Barefoot Books has a growing multicultural list, which this year includes An African Alphabet, which sold in four languages, and The Barefoot Book of Songs for Survival, a collection of celebratory tribal songs and chants, which aims to heighten children's awareness of traditional ways of life. Yesterday's Girls, Barefoot's new venture into historical fiction for seven to 10-year-olds, was launched with Masha's First Ballet. An Adventure in Revolutionary Russia and Caterina's Summer. An Adventure in 15th-century Italy. Two retellings of African myths, The Secret River, by Laurens van der Post, illustrated by Larry Norton, a Zimbabwean artist, and Marriage of the Rain Goddess, by Margaret Wolfson and Clifford Parms will be published next year.

Myths and legends also featured prominently on other lists. Orion Children's Books introduced The Golden Hoard, the first book in a project which will build up to a collection of 100 retellings by Geraldine MacCaughrean, illustrated by the new artist, Bee Wiley. The Dorling Kindersley Illustrated Book of World Myths, written by Neil Philip and illustrated by Nilesh Mistry, is arranged thematically and evocatively illustrated with artwork and photographs of landscapes and objects. James Riordan has compiled an anthology of Native American Indian stories for Pavilion Books. The Songs My Paddle Sings, illustrated by Michael Foreman, is the result of 15 years' research and travelling in Canada and the USA.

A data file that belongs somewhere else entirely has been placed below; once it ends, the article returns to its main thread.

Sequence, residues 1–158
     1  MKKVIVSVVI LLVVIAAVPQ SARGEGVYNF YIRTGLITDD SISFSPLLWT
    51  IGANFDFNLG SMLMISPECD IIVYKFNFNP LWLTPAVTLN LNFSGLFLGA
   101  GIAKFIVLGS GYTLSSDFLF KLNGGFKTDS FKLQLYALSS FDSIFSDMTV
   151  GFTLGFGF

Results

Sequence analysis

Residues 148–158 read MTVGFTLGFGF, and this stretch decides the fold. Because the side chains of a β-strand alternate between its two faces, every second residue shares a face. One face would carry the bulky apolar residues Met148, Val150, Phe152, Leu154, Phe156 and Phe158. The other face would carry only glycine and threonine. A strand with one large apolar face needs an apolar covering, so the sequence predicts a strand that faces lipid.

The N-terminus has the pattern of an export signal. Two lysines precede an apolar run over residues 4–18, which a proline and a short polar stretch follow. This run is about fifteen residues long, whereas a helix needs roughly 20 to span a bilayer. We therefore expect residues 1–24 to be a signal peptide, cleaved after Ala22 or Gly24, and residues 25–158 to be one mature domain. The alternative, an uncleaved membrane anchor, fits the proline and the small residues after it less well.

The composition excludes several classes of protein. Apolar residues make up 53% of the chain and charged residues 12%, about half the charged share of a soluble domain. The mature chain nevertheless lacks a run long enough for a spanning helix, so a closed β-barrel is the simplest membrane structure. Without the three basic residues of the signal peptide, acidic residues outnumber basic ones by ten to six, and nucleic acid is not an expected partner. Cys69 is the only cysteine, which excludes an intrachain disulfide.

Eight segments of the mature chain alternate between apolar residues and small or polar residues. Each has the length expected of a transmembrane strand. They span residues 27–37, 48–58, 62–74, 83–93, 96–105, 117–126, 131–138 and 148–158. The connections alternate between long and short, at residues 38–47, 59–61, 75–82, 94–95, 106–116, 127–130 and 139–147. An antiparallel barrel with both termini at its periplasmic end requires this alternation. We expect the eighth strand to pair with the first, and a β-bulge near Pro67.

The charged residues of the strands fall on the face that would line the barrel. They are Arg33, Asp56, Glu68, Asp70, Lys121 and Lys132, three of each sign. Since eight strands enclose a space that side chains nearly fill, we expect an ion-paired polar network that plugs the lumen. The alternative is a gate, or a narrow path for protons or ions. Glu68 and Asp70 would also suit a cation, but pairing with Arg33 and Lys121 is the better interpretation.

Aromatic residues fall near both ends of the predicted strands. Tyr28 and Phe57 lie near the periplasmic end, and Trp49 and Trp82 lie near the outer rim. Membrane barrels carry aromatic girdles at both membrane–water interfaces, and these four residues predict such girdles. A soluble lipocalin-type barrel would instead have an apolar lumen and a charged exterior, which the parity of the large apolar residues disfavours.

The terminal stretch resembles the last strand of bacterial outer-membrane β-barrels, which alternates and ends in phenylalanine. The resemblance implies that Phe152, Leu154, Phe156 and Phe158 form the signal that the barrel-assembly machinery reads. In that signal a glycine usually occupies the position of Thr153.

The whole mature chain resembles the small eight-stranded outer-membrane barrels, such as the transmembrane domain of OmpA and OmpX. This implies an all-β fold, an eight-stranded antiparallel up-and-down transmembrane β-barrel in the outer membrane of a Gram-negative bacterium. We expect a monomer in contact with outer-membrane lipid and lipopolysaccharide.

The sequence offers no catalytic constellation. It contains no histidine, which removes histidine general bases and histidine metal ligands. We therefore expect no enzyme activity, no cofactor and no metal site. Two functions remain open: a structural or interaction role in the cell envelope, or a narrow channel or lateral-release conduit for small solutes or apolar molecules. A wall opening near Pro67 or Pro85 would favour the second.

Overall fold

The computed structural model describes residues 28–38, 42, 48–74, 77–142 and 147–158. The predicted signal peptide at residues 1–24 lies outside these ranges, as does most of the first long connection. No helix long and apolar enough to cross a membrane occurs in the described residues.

Pavilion also showed After the War Was Over, Michael Foreman's autobiographical sequel to the award-winning War Boy, describing life in Suffolk after the summer of 1945 until he started art college at the age of 15. A Christmas Carol, the first of Quentin Blake's new series of illustrated classics will be published in October.